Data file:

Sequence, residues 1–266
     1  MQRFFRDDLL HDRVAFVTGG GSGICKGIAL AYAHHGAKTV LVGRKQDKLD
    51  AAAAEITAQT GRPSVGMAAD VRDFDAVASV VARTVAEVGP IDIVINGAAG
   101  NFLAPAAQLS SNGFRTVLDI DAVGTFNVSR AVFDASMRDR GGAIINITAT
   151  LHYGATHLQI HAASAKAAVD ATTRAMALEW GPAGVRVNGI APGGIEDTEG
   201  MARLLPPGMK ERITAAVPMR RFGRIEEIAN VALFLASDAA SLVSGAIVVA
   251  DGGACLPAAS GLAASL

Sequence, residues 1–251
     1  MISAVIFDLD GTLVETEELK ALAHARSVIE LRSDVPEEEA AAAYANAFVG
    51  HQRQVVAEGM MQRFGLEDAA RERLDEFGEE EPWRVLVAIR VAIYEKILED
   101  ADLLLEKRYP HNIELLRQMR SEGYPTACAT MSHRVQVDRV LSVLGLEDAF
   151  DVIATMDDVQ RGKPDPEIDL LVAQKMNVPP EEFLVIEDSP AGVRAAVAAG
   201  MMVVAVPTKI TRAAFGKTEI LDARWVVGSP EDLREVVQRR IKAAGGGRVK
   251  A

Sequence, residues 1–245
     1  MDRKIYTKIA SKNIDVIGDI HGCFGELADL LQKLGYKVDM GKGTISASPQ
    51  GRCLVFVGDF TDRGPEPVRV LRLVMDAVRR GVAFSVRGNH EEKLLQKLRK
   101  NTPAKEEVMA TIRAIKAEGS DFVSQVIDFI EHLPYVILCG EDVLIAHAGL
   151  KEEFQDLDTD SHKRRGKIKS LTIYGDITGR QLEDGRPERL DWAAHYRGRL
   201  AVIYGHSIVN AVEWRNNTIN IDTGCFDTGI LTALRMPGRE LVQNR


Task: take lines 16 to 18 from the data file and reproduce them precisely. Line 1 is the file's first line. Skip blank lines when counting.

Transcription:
     1  MDRKIYTKIA SKNIDVIGDI HGCFGELADL LQKLGYKVDM GKGTISASPQ
    51  GRCLVFVGDF TDRGPEPVRV LRLVMDAVRR GVAFSVRGNH EEKLLQKLRK
   101  NTPAKEEVMA TIRAIKAEGS DFVSQVIDFI EHLPYVILCG EDVLIAHAGL